I apologize to you. This is not a compendium of outrageous things said by Republican elected officials. It does not contain a new quote from the convention floor from some conservative politician who believes uteruses are magical and can repel rapists’ sperm. It does not contain a history of radical GOP-sponsored legislation on rape and abortion. It features no Paul Ryan memes.
Until this week, I was right there with you in sharing, with equal parts glee and horror, this unending stream of anti-woman bile. (Okay, fine. The latest? Tom Smith, GOP senatorial candidate from Pennsylvania, implored us to “put yourself in the father’s situation,” even when the father is a rapist.) But I think I’ve finally gotten tired of watching Republican politicians play their own weird version of the “penis game” — shouting the naughty words they aren’t supposed say in public, louder and louder, while onlookers giggle and gasp. The game is appealing to pubescent boys because it’s about shouting something that’s constantly on their minds that’s still a little taboo. The GOP version can be explained much the same way: These politicians are vocalizing offensive, deeply held beliefs at ever-increasing volumes, bystanders be damned!
Mitt Romney, playing the role of the nervous kid who chuckles along but is too scared to participate, has tried to put a damper on the game. In an interview with CBS News in Tampa yesterday, Romney insisted that abortion rights are “not on the ballot,” explaining that the president makes very few decisions about reproductive rights. He’s half right.
When it comes time to step into the voting booth, traditionally even abortion has not been a "voting issue" among pro-choice Americans. (It’s more of a voting issue for the antis.) Less than half of women said a candidate’s views on abortion would be a “very important” factor in their voting decision. The reason Democrats have been so quick to seize on these GOP quotes, other than the fact that they make these old white guys look straight-up crazy, is that they play right into the polling on abortion. Voters who think abortion should be legal in all circumstances only slightly outnumber voters who think it should be illegal in all circumstances. It’s basically neck and neck. But when you apply some value judgment and ask voters how they feel about abortion rights under "certain circumstances" — like rape, incest, medical necessity — they are overwhelmingly in favor.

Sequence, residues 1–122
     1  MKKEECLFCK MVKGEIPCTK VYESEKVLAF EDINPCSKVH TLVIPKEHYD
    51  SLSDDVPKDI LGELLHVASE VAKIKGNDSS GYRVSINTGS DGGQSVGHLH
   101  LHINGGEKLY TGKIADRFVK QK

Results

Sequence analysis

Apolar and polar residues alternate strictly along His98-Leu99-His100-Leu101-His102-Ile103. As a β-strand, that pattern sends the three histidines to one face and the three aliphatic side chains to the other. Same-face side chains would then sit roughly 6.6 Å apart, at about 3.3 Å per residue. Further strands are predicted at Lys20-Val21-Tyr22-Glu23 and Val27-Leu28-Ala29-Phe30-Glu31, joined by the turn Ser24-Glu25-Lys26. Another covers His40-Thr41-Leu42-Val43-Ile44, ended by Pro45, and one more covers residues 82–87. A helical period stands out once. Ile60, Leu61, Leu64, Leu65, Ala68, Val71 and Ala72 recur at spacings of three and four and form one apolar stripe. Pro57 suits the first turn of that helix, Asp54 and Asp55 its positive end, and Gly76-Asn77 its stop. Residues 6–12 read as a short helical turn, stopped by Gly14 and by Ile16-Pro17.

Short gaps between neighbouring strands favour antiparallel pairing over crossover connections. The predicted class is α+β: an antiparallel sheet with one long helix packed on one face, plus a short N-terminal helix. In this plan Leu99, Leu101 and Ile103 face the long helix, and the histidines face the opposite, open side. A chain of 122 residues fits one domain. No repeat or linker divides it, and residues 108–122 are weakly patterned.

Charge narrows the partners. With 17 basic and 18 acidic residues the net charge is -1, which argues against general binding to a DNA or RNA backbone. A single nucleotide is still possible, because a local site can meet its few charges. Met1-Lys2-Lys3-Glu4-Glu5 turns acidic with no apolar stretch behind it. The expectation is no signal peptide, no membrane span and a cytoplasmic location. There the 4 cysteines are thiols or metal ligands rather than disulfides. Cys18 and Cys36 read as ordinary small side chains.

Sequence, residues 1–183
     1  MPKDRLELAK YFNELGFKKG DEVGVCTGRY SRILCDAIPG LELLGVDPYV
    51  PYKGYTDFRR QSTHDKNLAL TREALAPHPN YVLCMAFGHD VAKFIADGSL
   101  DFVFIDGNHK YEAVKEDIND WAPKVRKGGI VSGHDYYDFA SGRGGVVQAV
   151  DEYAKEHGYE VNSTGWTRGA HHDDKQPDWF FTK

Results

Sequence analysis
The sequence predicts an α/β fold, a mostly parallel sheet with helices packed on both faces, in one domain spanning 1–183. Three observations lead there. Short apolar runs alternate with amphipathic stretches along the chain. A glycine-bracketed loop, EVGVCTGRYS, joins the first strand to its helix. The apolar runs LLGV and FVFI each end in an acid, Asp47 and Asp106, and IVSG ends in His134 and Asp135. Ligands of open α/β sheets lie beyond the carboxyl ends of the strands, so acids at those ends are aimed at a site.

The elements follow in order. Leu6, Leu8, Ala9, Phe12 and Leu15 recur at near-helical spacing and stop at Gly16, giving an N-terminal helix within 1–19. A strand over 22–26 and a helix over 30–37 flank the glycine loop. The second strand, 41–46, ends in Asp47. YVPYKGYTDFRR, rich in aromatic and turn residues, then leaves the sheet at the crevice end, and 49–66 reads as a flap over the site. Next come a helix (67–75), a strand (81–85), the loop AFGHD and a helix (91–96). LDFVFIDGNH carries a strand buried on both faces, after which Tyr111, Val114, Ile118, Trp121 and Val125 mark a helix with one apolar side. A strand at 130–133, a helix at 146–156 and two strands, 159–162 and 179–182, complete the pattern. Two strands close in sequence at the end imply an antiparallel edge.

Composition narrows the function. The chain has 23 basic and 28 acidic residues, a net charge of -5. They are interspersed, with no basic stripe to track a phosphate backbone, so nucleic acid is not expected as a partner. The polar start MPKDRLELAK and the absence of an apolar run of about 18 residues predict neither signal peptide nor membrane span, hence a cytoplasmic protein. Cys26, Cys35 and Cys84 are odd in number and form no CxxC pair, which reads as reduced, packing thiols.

In the mainstream, classic feminist demands like “abortion on demand without apology,” have gone the way of the pubic topiary. It resonates with those of us who are already deeply pro-choice, but is off-putting to women who don’t count politics or feminism among their core interests. Democrats know this, which explains why they are very quick to latch onto the abortion-after-rape debate. It is offensive to even the apolitical, making Republicans seem out of step with the mainstream. It plays well with the “certain circumstances” voters. But the fact is that “abortion’s okay under certain circumstances” voters, just like hard-line Republicans, are essentially saying they want the law, not individual women, to define which abortions are morally acceptable.